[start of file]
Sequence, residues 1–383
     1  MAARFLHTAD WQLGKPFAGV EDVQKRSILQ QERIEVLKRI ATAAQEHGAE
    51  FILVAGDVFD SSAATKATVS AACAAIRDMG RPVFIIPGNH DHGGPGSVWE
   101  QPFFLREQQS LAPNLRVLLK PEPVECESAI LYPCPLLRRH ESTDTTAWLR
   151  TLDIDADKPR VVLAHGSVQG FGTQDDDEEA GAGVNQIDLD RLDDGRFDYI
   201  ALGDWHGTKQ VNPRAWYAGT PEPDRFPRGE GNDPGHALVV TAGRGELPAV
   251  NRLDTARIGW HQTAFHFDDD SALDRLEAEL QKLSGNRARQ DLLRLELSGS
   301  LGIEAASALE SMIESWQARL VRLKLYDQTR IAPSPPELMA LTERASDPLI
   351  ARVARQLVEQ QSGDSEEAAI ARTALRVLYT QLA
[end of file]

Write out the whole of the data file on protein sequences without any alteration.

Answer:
Sequence, residues 1–383
     1  MAARFLHTAD WQLGKPFAGV EDVQKRSILQ QERIEVLKRI ATAAQEHGAE
    51  FILVAGDVFD SSAATKATVS AACAAIRDMG RPVFIIPGNH DHGGPGSVWE
   101  QPFFLREQQS LAPNLRVLLK PEPVECESAI LYPCPLLRRH ESTDTTAWLR
   151  TLDIDADKPR VVLAHGSVQG FGTQDDDEEA GAGVNQIDLD RLDDGRFDYI
   201  ALGDWHGTKQ VNPRAWYAGT PEPDRFPRGE GNDPGHALVV TAGRGELPAV
   251  NRLDTARIGW HQTAFHFDDD SALDRLEAEL QKLSGNRARQ DLLRLELSGS
   301  LGIEAASALE SMIESWQARL VRLKLYDQTR IAPSPPELMA LTERASDPLI
   351  ARVARQLVEQ QSGDSEEAAI ARTALRVLYT QLA